# subgroups and generators

• Aug 30th 2009, 04:45 AM
alexandrabel90
subgroups and generators
Hi,
Im really confused with subgroups and generators. May I know what is the difference?

I was reading a book where they state that the subgroups of Z18 are <0>,<1>,<2>,<3>,<6>,<9> and the generators are 1,5,7,11,13 and 17. what does that mean?

Thanks!
• Aug 30th 2009, 06:15 AM
Taluivren
Hi!

Firstly let's revise the definition of subgroup:
Let $\langle G, \cdot, ^{-1}, e \rangle$ be a group ( $\cdot$ is the binary operation, $^{-1}$ is unary operation of taking an inverse and $e$ is the identity element). If a set $H$ satisfies following conditions:
1) $H \subseteq G$
2) $H$ contains the identity element $e$ of $G$,
3) $H$ is closed under the operation $^{-1}$, that is, for every $a \in H$ also $a^{-1} \in H$
4) $H$ is closed under the operation $\cdot$, that is, for every $a, b \in H$ also $a \cdot b \in H$,
then we say that $H$ is a subgroup of $G$.

This means that the set $H$ together with operation $\cdot$ restricted to $H$ and with the identity element $e$ forms a group.

In Z18, for example $\{0, 6, 12\}$ is a subgroup, or whole Z18 is a subgroup, or $\{0\}$ is a subgroup,... (check it!)

Then, the definition of a generator of a group:
Let G be a group and $S \subseteq G$ be a set. We say that S is a generating set of G, if every element of G can be expressed as the product of finitely many elements of S and their inverses. We write this as <S> = G. When there is only one element in S, $S = \{x\}$, we write <x> = G and we say that the group G is generated by x, or that x is its generator.

Now to your example. What are the generators of Z18? We see that 1 is surely a generator (every element of Z18 can be expressed as 1+1+..+1)
Are there any other generators? Yes, exactly those stated in your book, let's see why. Firstly, can you see why the remaining elements are not generators?
Spoiler:

Every such element a has a common factor (>1) with 18. No matter how long the sequence $a+a+...+a$ is, the result will always have this common factor with 18. So you can never get the element 1 (which does not have this common factor with 18)! Thus, a doesn't generate G.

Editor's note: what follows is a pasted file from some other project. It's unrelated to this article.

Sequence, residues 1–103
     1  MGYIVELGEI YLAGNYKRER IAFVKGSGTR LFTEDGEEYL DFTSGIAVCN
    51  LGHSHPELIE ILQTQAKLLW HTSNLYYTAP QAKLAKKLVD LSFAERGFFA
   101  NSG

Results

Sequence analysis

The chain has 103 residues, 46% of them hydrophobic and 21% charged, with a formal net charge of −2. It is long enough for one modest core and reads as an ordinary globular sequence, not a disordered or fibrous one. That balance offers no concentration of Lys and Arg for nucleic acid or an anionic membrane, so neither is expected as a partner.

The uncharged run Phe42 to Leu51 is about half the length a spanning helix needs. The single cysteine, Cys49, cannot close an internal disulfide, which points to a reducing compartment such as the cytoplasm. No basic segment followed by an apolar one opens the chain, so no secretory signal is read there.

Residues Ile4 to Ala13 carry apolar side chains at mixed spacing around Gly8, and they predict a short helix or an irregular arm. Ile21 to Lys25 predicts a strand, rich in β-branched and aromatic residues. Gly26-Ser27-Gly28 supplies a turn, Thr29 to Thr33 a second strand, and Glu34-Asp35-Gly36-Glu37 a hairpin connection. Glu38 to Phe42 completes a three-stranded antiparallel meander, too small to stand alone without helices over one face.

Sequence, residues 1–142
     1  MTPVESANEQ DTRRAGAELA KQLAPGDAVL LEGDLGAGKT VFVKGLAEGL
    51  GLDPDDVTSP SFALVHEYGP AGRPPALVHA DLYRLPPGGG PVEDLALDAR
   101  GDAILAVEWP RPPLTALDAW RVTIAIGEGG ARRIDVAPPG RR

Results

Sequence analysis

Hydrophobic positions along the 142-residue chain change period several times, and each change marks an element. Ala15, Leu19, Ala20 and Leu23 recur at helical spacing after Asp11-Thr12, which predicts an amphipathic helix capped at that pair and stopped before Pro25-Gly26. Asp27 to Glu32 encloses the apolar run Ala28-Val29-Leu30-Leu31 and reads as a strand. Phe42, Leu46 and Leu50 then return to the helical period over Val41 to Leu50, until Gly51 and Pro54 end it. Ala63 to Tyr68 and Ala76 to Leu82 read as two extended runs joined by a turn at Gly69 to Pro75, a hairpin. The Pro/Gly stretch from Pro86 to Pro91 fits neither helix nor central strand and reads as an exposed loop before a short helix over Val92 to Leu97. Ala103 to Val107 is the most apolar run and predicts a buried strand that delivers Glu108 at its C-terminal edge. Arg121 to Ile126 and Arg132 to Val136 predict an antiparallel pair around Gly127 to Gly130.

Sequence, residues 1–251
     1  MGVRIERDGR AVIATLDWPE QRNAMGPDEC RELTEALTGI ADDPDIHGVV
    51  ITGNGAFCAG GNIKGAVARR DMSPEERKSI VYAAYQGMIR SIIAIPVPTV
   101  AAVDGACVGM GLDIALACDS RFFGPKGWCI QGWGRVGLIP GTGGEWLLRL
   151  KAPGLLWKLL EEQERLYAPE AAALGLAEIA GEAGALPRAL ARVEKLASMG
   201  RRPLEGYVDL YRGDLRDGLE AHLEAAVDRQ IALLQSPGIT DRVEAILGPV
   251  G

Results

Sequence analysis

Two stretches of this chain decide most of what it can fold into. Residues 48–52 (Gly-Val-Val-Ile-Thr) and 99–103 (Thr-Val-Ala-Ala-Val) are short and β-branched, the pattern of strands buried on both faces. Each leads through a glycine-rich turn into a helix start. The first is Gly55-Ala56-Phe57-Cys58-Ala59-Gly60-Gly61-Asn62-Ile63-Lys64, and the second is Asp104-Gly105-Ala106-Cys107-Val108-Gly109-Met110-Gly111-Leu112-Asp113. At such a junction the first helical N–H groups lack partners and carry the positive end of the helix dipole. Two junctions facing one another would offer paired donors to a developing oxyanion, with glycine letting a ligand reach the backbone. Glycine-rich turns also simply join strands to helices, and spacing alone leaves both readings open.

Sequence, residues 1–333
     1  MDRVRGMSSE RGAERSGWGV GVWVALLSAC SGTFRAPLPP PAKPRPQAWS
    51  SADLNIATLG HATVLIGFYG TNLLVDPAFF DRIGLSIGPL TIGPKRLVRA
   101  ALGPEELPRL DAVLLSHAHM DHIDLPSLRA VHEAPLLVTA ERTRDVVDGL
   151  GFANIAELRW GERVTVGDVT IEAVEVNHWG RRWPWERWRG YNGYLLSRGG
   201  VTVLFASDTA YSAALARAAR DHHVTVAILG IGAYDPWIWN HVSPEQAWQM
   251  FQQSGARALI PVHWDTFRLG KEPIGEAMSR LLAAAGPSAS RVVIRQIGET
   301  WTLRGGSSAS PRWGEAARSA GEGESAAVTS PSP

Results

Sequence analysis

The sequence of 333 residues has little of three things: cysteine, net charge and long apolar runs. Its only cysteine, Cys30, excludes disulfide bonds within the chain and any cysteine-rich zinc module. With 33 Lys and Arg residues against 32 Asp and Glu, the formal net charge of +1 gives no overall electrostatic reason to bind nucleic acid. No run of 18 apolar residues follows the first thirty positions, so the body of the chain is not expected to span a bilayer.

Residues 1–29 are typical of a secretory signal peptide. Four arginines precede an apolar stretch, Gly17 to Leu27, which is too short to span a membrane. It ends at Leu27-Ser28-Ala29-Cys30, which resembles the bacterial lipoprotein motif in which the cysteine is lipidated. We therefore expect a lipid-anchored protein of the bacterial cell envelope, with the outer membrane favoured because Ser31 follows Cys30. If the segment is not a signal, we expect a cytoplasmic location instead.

Next, let's verify that every of the elements 1,5,7,11,13 and 17 generates Z18. If you have heard of Bezout's identity, it is easy. It says that if a and b are nonzero integers with greatest common divisor d, then there exist integers x and y such that $ax+by=d$.
In our case, take $a=$ one of those 1,5,7,11,13 and 17, take $b=18$ and, of course, $d=1$. Can you finish from here?
• Aug 30th 2009, 06:23 AM
algtop
Quote:

Originally Posted by alexandrabel90
Hi,
Im really confused with subgroups and generators. May I know what is the difference?

I was reading a book where they state that the subgroups of Z18 are <0>,<1>,<2>,<3>,<6>,<9> and the generators are 1,5,7,11,13 and 17. what does that mean?

Thanks!

<0>={0}
<1>=<5>=<7>=<11>=<13>=<17>=Z_18 (the whole group)
<2>={0,2,4,6,8,10,12,14,16}
<3>={0,3,6,9,12,15}
<6>={0,6,12}
<9>={0,9}

You can check that the above sets satisfy the group axioms under addition operation.

You can generate a whole group using 1 only ( For instance, 5=1+1+1+1+1, 0 = 1+1+1+..... (18 times 1).

There is a pattern for a generator 1, 5, 7, 11, 13, 17 of Z_18. They are all coprime with Z_18.

The number of generators for Z_18 can be acquired by using an Euler totient function.

$\phi(18)=\phi(3)\phi(6)=2 \times 3 = 6$. Those are 1, 5, 7, 11, 13, 17.
• Aug 30th 2009, 08:24 AM
alexandrabel90
thank you! i get it now..

by the way, how do you check that it is closed under -1 and under the operation?

I can never grasp the concept of something being closed.
• Aug 30th 2009, 08:52 AM
Taluivren
You check closure under some operation exactly as noted in 3) and 4) in my first post:

"3) http://www.mathhelpforum.com/math-he...49c17196-1.gif is closed under the operation http://www.mathhelpforum.com/math-he...38ef43ea-1.gif, that is, for every http://www.mathhelpforum.com/math-he...8f44fa3e-1.gif also http://www.mathhelpforum.com/math-he...b9e79d4a-1.gif"

This means if someone gives you an arbitrary element from the subset H, you have to prove that its inverse (which is known to exist and be unique because G is a group) also belongs to the subset H. If the inverse is not in H, then H can't be a subgroup!

"4)http://www.mathhelpforum.com/math-he...49c17196-1.gif is closed under the operation $\cdot$ that is, for every http://www.mathhelpforum.com/math-he...a20c94c9-1.gif also http://www.mathhelpforum.com/math-he...5c821a40-1.gif"

This is similar, for arbitrary elements a,b from H you must verify that $a \cdot b$ also belongs to H.

So in your example we can check that <3>={0,3,6,9,12,15} is closed under taking inverses: they are all multiples of 3 from Z18, inverse of any element a of this set is 18 - a which is also a multiple of 3. And if $a, b \in$ <3> then $a+b$ is also a multiple of 3.
So 3) and 4) are checked.
• Aug 30th 2009, 09:03 AM
alexandrabel90
thank you for the explanation!(:
• Aug 30th 2009, 09:04 AM
Taluivren
you're most welcome